Aussie miners want structured African approach
An Australian think tank called for a more strategic approach to engagement with countries and regional organisations in Africa’s mining sector recently.
The Canberra-based Australian Strategic Policy Institute (ASPI) drawing on findings from its second Aus-Africa Dialogue held in Zambia in 2015 with the South Africa-based Brenthurst Foundation, recently outlined their plan for closer collaboration between Australian miners and African governments.
ASPI Senior Analyst, Ms Lisa Sharland, said there is a clear need for the development of a whole-government strategy which identifies Australia’s priorities for African engagement (regional and geographic) and with its private sector.
“Such a strategy would ensure that the government and private sector are well positioned to identify opportunities for broader Australian-African engagement,” Ms Sharland said.
“This strategy is also essential to ensure that the Australian Government is able to mitigate potential risks to Australia’s national interests,” she continued.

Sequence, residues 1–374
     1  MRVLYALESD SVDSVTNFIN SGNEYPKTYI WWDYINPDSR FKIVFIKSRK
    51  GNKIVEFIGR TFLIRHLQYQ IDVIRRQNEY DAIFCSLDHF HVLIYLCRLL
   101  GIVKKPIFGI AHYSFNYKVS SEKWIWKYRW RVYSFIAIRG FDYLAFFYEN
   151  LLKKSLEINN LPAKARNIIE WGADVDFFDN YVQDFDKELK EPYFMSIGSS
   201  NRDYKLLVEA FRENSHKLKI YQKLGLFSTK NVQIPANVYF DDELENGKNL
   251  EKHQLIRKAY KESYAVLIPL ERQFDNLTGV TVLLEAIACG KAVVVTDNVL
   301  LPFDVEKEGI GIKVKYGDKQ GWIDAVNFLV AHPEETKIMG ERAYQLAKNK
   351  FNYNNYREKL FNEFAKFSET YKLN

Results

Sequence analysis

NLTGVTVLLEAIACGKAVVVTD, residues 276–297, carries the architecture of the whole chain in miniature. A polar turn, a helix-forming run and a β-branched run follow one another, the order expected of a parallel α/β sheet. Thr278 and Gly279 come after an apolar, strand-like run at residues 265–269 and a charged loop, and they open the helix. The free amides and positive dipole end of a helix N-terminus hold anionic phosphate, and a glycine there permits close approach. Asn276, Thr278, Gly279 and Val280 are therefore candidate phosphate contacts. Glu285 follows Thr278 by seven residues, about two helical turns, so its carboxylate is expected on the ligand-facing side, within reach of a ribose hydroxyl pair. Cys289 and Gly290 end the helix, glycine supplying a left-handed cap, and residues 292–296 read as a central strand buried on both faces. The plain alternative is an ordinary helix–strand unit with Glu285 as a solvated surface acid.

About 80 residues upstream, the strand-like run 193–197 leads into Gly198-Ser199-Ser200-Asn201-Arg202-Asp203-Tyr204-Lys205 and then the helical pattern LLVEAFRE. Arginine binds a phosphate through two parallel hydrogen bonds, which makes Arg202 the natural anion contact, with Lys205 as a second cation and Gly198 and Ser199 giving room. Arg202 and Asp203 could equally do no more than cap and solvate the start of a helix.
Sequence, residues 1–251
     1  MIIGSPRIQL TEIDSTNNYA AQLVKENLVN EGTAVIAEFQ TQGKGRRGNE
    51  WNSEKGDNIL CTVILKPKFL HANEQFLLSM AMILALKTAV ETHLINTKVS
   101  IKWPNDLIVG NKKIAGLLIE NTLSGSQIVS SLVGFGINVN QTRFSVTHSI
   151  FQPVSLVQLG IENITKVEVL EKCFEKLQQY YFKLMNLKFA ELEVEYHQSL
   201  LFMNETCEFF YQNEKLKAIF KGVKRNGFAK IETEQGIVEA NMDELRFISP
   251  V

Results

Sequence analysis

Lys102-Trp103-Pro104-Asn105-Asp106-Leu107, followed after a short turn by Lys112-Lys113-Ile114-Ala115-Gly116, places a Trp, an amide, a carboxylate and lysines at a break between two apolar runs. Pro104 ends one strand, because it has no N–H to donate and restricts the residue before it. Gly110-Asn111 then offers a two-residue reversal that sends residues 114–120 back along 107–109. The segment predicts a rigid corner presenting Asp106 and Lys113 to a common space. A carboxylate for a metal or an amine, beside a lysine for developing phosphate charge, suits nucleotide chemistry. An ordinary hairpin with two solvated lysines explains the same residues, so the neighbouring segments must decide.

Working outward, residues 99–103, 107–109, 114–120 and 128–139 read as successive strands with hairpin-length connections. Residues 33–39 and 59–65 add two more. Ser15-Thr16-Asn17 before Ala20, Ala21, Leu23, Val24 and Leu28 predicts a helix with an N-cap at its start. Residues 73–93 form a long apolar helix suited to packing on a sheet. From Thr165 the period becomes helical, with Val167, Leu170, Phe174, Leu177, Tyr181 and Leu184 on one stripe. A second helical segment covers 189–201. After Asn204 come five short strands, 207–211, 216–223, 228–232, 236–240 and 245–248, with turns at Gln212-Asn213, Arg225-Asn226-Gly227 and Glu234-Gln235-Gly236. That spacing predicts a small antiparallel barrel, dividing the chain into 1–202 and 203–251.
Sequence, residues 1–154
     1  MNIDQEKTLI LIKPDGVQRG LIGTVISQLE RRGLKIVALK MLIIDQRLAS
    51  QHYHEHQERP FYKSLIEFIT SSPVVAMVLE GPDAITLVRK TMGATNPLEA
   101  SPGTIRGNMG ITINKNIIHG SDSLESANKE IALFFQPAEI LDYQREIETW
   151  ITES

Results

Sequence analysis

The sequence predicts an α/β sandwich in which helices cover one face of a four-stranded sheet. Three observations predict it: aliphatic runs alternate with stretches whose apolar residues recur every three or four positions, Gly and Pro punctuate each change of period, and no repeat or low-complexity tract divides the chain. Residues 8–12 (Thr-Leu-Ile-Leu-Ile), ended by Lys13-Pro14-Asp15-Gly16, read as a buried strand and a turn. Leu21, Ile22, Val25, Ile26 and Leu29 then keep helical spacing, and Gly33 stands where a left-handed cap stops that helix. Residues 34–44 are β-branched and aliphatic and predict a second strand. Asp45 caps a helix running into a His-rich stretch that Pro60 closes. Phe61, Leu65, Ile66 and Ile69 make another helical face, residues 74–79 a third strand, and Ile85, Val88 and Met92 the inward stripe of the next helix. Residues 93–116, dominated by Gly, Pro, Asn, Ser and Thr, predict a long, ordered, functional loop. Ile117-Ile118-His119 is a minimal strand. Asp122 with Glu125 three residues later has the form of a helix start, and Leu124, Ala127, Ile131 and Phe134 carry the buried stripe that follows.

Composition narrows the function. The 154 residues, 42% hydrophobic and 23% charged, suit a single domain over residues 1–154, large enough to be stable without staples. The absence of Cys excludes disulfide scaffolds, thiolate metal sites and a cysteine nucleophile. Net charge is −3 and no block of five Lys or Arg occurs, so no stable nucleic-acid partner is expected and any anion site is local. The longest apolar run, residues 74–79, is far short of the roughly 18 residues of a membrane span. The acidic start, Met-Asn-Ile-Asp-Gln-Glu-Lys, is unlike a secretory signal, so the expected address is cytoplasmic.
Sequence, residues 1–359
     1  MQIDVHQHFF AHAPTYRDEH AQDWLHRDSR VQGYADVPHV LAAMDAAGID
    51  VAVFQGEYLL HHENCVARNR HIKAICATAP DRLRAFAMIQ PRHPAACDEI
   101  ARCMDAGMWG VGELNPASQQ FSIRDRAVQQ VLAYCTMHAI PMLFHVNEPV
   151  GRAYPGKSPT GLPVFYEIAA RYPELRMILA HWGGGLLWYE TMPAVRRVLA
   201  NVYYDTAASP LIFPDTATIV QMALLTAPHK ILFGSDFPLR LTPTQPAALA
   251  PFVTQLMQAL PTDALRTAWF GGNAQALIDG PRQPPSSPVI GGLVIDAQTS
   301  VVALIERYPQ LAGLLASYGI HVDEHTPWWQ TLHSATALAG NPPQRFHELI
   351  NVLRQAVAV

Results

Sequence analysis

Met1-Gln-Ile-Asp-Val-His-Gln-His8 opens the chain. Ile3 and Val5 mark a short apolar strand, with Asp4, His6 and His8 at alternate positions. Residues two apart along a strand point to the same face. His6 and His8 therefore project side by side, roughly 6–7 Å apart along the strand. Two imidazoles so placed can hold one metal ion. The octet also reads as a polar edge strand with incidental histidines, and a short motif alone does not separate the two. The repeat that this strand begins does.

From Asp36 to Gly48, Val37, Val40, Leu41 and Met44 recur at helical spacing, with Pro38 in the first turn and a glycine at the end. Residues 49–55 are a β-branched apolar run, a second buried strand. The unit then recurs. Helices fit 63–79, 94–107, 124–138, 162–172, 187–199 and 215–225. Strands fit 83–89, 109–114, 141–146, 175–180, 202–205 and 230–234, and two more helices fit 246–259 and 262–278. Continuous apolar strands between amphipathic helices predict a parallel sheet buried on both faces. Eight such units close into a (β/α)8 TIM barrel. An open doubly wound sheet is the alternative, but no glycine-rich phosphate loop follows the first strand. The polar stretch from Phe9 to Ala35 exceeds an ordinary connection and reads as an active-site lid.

“The recent announcement regarding the development of a white paper on foreign affairs provides a valuable opportunity to explore some of the priorities for Australia’s engagement in Africa going forward and should be seized upon.”
Ms Sharland said mining is a pivot point in any more intensified Australia-African engagement.
“The remote location of African mines, many of them joint ventures with Australian partners and investors, means mine owners often perform a quasi-government role,” she said.
“Admittedly, some of the higher risk African mining ventures can present difficulties for investment and there are ongoing challenges with taxation and revenue arrangements.
“But investment in African mines also has a large multiplier effect in terms of jobs in regions, investment in local infrastructure and the prosperity of regional industries.”